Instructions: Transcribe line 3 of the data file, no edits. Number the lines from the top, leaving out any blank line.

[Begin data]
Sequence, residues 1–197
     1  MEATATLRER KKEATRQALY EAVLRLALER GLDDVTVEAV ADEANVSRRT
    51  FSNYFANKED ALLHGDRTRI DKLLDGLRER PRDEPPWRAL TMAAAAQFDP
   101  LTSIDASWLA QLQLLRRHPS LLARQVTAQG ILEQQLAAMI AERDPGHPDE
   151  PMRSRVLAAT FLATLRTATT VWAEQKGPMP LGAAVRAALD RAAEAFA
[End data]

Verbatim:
    51  FSNYFANKED ALLHGDRTRI DKLLDGLRER PRDEPPWRAL TMAAAAQFDP